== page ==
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Rdio now available to all

Written by Andre Yoskowitz (Google+) @ 03 Aug 2010 19:31 User comments (8)

Rdio now available to all In October 2009, billionaires Janus Friis and Niklas Zennstrom, the creators of the Kazaa P2P client as well as Skype, announced that they had developed and financed the unlimited music subscription service Rdio, and the company has now made the service available to all.
Separating the service from others like Rhapsody is the fact that Rdio allows users to listen from anywhere in "the cloud," including through their phones, instead of needing to download DRM-laced music locally.

Furthermore, Rdio has many social networking features connected to Facebook and Twitter. Rdio uses subscriber's online social networks to recommend songs, as well. If a bunch of your friends like a certain artist, Rdio will likely recommend it to you.

Rdio has over seven million tracks available from the major labels and thousands of indies.

The service charges $10 per month for unlimited access to music on a computer or your smartphone. For $5, you can get browser-only access.

Rdio is available on BlackBerrys, Android devices and the Apple iPhone.

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8 user comments

13.8.2010 20:37

all of these streaming music stories are the same...

Can someone explain why it costs $10 to listen to crap which I could hear for free on the radio... and why a subscription to music costs more than a netflix subscription to MOVIES?

24.8.2010 5:12

I guess that is two questions.

The answer to the first is simple...the radio is mostly talk, advertising, and music that you don't want anyway. Also, short of calling the station and requesting a song, there is no way to listen to what you want to listen to, when you want to listen to it.

The answer to the second is not as simple. For starters, there is no Android version of netflix. So the $5 version of Rdio is competing with the $9 version of netflix (yes, iPad has netflix, but AT&T is too slow for netflix anyway)...until there is a version of netflix for Android that will run on newer 4G phones, netflix is not mobile. Then there is the issue of licensing. Netflix has a lot of customers, but few content providers. This makes licensing rather easy (it is still a lot of work, but the fees are lower thanks to volume). Music isn't as easy because there are many, many labels...often bands will start their own labels (independent films are almost always under a major label; many "Independent" films are released by Fox, MGM, etc). Because of this, you are not licensing 500,000 tracks from 100 suppliers; you are licensing 500,000 tracks from 1500 suppliers; making the bulk discount for each much smaller. In addition to this, Rdio has very few subscribers, also driving up the cost (per user) to license a track.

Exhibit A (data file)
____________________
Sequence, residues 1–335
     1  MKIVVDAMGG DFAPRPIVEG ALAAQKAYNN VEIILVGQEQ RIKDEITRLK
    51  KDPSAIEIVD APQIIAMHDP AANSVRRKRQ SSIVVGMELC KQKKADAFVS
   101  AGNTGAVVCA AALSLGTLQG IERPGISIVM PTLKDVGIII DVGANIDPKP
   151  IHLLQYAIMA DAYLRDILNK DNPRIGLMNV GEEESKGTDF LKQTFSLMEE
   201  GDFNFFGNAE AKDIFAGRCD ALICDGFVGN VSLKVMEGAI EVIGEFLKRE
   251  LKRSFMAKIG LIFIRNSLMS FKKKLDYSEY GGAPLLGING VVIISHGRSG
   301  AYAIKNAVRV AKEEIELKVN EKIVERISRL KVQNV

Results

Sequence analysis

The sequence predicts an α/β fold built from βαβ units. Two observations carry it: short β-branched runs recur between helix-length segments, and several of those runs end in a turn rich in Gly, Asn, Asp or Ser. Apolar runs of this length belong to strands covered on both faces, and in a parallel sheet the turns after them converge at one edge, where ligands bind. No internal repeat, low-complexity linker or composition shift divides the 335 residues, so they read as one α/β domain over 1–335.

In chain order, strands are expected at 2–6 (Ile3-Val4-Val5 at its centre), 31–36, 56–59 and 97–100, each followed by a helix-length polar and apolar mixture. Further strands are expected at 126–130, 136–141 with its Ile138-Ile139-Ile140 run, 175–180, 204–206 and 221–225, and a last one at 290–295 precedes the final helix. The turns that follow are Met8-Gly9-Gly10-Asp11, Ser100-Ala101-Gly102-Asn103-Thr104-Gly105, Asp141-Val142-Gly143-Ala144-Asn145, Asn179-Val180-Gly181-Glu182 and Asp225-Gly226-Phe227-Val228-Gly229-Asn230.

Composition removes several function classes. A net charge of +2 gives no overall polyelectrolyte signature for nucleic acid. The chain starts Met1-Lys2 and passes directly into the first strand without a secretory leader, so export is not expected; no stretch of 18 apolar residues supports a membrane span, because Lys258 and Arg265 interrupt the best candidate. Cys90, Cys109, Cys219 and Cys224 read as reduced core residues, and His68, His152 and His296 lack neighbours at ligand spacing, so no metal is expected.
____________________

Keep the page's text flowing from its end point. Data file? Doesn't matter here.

34.8.2010 7:40

Should the title not read "Available to all (if you live in the US)"?

44.8.2010 22:33

i hope they are not holding their breath waiting for my 10 bucks.jango is still free and you pick your artist.

55.8.2010 5:29

Not to mention MOG...the same price, far better selection, better audio quality (up to 320K MP3 quality), the ability to "cache" songs so they keep playing if you loose signal (or for a device like the touch that may not have signal at all), and support for Android, iPhone, and even iPad touch. Oh, and a free 3-day trial that does not even need a credit card. Not bad, considering you can spend more than the service fee for a month on a single album from iTunes; and iTunes is just a long-term rental anyway.

65.8.2010 5:31

Did everyone just forget about Spotify? Or this this a slightly different concept?

75.8.2010 6:07

Spotify isn't even available in the united states...and they have been around long enough that this is not an oversight; it is intentional. On top of that, the selection is tiny, and it costs the equivalent of $16 per month for the version that works with mobile devices. All things considered, it is a terrible deal, assuming it is available at all.

85.8.2010 6:27

I had little to no idea, I was genuinely asking! I've never used any service such as this, mainly because a) they're a pain to actually get on to (well, Spotify was) b) they're never usually available when you want them and c) you have to pay.

*Goes back to Soulseek*

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